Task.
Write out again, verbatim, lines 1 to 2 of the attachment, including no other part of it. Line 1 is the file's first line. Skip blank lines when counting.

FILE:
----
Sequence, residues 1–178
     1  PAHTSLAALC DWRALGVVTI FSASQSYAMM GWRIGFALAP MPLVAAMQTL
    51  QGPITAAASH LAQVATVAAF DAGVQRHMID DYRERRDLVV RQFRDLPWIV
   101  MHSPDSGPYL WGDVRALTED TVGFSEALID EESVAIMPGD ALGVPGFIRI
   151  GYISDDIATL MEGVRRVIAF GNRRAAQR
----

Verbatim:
Sequence, residues 1–178
     1  PAHTSLAALC DWRALGVVTI FSASQSYAMM GWRIGFALAP MPLVAAMQTL